Demanding excellence across the board can shut down creativity and risk-taking and indicate a lack of priorities—everything doesn’t have to be done perfectly; some things just need to get done. Too much preparation, especially if done in isolation and without feedback, can delay the final outcome or product without actually improving it. This is not a call to immediately give up your best qualities and firmly held values. It is likely the virtues you hold most closely are there for deep and personal reasons. The goal is to stay true to our self while avoiding the ways our unexamined beliefs and automatic behaviors can backfire. Even most engaging traits can be overused, or trotted out at the wrong time, or go too far in degree.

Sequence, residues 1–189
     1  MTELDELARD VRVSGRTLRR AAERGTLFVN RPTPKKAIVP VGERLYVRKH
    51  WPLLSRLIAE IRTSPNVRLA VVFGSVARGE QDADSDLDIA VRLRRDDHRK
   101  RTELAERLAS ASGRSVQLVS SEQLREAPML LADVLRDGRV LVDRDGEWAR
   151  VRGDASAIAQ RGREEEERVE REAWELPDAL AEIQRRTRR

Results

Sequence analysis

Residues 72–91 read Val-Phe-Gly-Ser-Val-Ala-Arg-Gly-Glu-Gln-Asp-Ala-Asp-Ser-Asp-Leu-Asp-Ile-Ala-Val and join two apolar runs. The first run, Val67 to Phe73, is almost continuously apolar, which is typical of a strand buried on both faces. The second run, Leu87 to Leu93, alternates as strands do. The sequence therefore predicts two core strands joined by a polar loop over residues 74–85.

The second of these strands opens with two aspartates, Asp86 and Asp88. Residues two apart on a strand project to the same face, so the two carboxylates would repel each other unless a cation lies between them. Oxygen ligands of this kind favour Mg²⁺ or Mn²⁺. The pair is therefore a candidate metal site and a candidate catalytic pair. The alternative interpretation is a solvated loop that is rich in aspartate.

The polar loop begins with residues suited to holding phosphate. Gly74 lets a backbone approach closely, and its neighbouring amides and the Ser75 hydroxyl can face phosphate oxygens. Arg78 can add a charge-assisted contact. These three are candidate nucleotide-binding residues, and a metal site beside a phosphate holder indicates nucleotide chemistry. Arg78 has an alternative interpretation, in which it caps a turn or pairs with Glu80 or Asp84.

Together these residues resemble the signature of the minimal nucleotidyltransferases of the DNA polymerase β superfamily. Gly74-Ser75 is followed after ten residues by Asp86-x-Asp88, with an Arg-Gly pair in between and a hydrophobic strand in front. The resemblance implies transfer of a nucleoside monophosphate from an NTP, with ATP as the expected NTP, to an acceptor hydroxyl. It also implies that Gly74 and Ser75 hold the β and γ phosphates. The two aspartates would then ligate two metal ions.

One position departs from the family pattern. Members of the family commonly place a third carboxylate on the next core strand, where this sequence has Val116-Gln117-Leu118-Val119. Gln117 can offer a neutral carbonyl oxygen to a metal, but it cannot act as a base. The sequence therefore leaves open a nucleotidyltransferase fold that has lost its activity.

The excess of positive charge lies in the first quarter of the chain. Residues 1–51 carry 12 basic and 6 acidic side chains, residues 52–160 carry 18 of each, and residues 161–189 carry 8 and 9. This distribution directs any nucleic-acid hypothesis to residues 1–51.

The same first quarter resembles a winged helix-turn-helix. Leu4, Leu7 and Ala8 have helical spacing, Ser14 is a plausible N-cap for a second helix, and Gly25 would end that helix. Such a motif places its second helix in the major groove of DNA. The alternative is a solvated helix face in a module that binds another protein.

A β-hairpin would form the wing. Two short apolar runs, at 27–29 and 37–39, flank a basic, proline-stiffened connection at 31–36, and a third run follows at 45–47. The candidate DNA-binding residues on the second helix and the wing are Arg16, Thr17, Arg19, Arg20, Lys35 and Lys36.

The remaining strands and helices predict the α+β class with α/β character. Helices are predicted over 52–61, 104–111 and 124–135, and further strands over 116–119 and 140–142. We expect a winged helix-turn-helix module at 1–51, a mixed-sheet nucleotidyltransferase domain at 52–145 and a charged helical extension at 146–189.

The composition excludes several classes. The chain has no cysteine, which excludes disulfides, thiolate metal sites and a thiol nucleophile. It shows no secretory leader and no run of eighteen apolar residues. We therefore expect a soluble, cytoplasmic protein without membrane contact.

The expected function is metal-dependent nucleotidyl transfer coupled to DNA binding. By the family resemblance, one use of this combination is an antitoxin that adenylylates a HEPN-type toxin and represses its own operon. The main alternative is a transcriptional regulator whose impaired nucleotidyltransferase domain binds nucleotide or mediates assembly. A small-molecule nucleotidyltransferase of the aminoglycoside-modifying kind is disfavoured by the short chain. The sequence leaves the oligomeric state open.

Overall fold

How do we know when a virtue is wearing out its welcome? Only self-awareness can keep core values in check. Taking personal inventory can lead to a realization of which virtues are constructive and beneficial in your life, and when, and which are actually holding you back, making you miserable, or sabotaging work and relationships. Never assume that a virtue that served you well in the past will always continue to do so.

Striving for excellence has its payoffs—good marks, approval, awards, and a sense of a job well done. But pursuing excellence across the board reflects rigidity and can lead to perfectionism, an inflexible devotion to high standards, and an inability to set priorities. There really is a fine line between striving for excellence and striving excessively for perfection. Perfectionism doesn’t just impact work performance. It takes a toll on health as well. Perfectionists exhibit high levels of chronic illnesses.